Be Active: Even though the holiday season is hectic, be sure to make time to exercise. You can even build it into the holiday festivities by going ice skating, sledding or building a snowman.
Staying well hydrated is key to feeling good. So make sure you drink enough: on average that means 9 cups of fluid a day for women, and 13 for men. Caffeine-free calorie-free beverages like water are best, but fruit juice, milk, sports drink and soft drink are also hydrating. Surprisingly, even caffeinated beverages like coffee and tea contribute to your total fluid intake.
Sweet Tooth Satisfiers
When your sweet tooth is calling, try satisfying it with something healthy, like a few slices of sweet juicy mango, or sliced apple and pear made special with a sprinkle of cinnamon. If it’s a cookie you crave, try a biscotti–it has fewer calories than most cookies. If only chocolate will do, go for it. Just opt for dark chocolate (which has the most antioxdants) and keep it to an ounce, about the size of three fingers.
Sleep Yourself Thinner
Studies show that chronic lack of sleep can actually alter the balance of hormones that help regulate appetite. So if you don’t regularly get at least 7 hours a night it might leave you hungrier and ultimately heavier. Life is hectic and it isn’t always easy, but now you have another good reason to get your Zs.
Take a Stroll
Tonight after dinner, don’t just plop in front of the TV. Call your neighbor, gather the family or leash up the dog and go for a stroll. You’ll get some fresh air, share some valuable time together and no matter how slow you walk you’ll burn about 100 calories a mile.
The Family Meal
Want your kids to eat better and be healthier’ Eat dinner together. Between work schedules and after school activities it is tough to get the whole family around the table all the time. But even if you can’t do it every day, make a point of it as often as possible. Kids who eat with their families regularly have better nutrition, and are less likely to adopt bad habits like smoking.
Everyone loves cheese. It is delicious and it is packed with calcium and protein. But because it is loaded with saturated fat, it’s one of those foods to eat smartly. For everyday, choose reduced-fat cheeses like part-skim mozzarella, reduced-fat cheddar or low-fat cottage cheese. When only the full-fat version of a cheese will satisfy, use the most flavorful variety you can find, like blue cheese, extra-sharp cheddar, feta and Parmesan, and use it sparingly. Remember, with fantastic, full-flavor cheese, a little goes a long way.
Three Questions for Your Waiter
Dining out is one of life’s great pleasures, a time to unwind with friends, try new foods, relax and be served. Here are three questions that can help you keep it healthier too. 1) Can I have that grilled or poached instead of fried’ 2) May I have sauce on the side’ 3) May I please have the rest of my meal to-go’ These three little questions can make a big difference and most restaurants are happy to oblige.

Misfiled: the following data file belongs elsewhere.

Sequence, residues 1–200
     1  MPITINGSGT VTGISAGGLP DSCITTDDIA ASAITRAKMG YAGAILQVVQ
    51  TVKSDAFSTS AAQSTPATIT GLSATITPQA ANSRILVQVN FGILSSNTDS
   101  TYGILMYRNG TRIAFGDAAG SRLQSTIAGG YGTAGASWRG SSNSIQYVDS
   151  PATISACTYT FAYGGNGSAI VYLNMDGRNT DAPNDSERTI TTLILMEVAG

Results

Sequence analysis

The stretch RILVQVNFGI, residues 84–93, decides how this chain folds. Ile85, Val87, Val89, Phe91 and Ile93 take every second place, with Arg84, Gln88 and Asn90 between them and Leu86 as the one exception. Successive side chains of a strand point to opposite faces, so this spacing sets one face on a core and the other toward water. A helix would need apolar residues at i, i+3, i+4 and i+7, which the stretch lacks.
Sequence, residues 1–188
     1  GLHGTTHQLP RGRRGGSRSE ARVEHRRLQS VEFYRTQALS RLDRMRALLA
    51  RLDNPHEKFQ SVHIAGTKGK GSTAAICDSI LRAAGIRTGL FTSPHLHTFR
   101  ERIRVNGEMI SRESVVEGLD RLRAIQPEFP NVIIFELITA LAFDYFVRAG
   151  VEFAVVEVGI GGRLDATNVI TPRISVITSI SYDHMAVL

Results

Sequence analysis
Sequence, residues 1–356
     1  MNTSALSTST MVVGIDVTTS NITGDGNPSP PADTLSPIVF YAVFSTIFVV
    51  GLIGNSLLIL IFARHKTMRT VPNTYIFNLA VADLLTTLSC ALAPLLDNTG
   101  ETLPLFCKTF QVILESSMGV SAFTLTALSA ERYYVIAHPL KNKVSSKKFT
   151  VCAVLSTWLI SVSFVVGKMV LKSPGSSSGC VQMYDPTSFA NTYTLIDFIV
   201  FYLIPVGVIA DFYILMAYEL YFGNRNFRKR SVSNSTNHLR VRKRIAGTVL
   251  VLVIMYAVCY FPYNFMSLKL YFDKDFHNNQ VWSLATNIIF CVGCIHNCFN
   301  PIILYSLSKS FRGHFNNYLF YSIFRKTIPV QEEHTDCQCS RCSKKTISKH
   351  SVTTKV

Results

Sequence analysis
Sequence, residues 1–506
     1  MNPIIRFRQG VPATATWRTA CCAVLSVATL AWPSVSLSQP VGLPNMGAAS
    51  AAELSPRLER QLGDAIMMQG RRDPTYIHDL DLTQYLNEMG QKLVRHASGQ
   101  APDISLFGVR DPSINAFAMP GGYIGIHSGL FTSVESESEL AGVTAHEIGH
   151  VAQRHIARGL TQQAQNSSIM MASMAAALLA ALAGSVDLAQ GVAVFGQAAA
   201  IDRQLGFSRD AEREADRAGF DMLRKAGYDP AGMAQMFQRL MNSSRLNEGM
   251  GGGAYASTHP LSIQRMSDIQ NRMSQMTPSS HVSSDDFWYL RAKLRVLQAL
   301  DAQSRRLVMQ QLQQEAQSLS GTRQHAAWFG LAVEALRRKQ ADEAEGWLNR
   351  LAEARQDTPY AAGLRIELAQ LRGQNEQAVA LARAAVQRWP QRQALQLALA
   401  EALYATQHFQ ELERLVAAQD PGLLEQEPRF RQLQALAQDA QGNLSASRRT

There is no need to skip a starter if you are watching calories. It turns out the right appetizer can actually help you eat fewer calories over the course of the meal. Go for starters like green salad with light dressing or a broth-based, chunky soup like minestrone. They give you lots of satisfaction without a lot of calories, so you wind up eating less at the rest of the meal.
All About Alcohol
You have heard the reports that dinking wine is good for your health, and if you are like me, when you did, you practically threw a ticker-tape parade. It’s not just red wine that has health benefits (although red wine seems to have the most). Alcohol in general can protect you from stroke and improve your cholesterol. But the key is to drink in moderation, which is defined as one drink a day for women and two for men. Any more than that and alcohol’s benefits are quickly swallowed by its risks. For the record, one drink is 5 ounces of wine, a 12 ounce beer or 1 ½ ounces of spirits.
How to Eat Pizza
Everyone knows a double-cheese pepperoni pizza probably isn’t the healthiest meal choice. But pizza done right can actually be good for you. Just take a cue from how they eat pizza in Italy. They go easy on the cheese, use fresh herbs and vegetables and they make a nice, thin crust. So next time you are craving pizza, ask for a slice of thin crust veggie pizza, light on the cheese. Toss in a big side salad and you’ll have yourself a pretty healthy meal.
Try this healthy recipe!
Adapted from Ellie Krieger
4 skinless chicken breast halves on the bone, about 2 pounds
Salt and freshly ground black pepper
2 teaspoons olive oil
1 medium onion, thinly sliced
1 red bell pepper, thinly sliced
1/2 pound white mushrooms, thinly sliced
2 garlic cloves, minced
1/2 cup dry white wine
1 (14 1/2-ounce) can whole tomatoes in juice, chopped and juice reserved
1/2 teaspoon dried oregano
1/8 teaspoon red pepper flakes or more to taste
Prep Day: Rinse the chicken and pat dry with paper towels. Season the chicken with salt and pepper. Heat the oil in a saute pan over moderately-high heat. Brown the chicken on both sides, about 8 minutes. Remove the chicken. Cool and place in gallon freezer bag for later use.
Reduce the heat to moderate. Add the onion and pepper, cover and cook, stirring occasionally, until the vegetables begin to soften, about 5 minutes. Add the mushrooms and cook, uncovered and stirring occasionally, until the mushrooms begin to brown. Add the garlic and cook, stirring, for 30 seconds. Add the wine and cook until reduced by half. Add the tomatoes and juice, oregano, red pepper flakes and 1/4 teaspoon of salt and simmer the mixture covered for 10 minutes. Cool tomato veggie mix. Please in freezer bag with chicken and freeze.
Serve Day: Thaw. Return the chicken breasts and tomato veggie mix to the pan and simmer, covered, until the chicken is just done, about 20 minutes. serve hot!
Total Fat: 5 grams
Saturated Fat: 1 gram
Protein: 45 grams
Total carbohydrates: 12 grams
Sugar: 6 grams
Fiber: 3 grams
Cholesterol: 105 milligrams
Sodium: 418 milligrams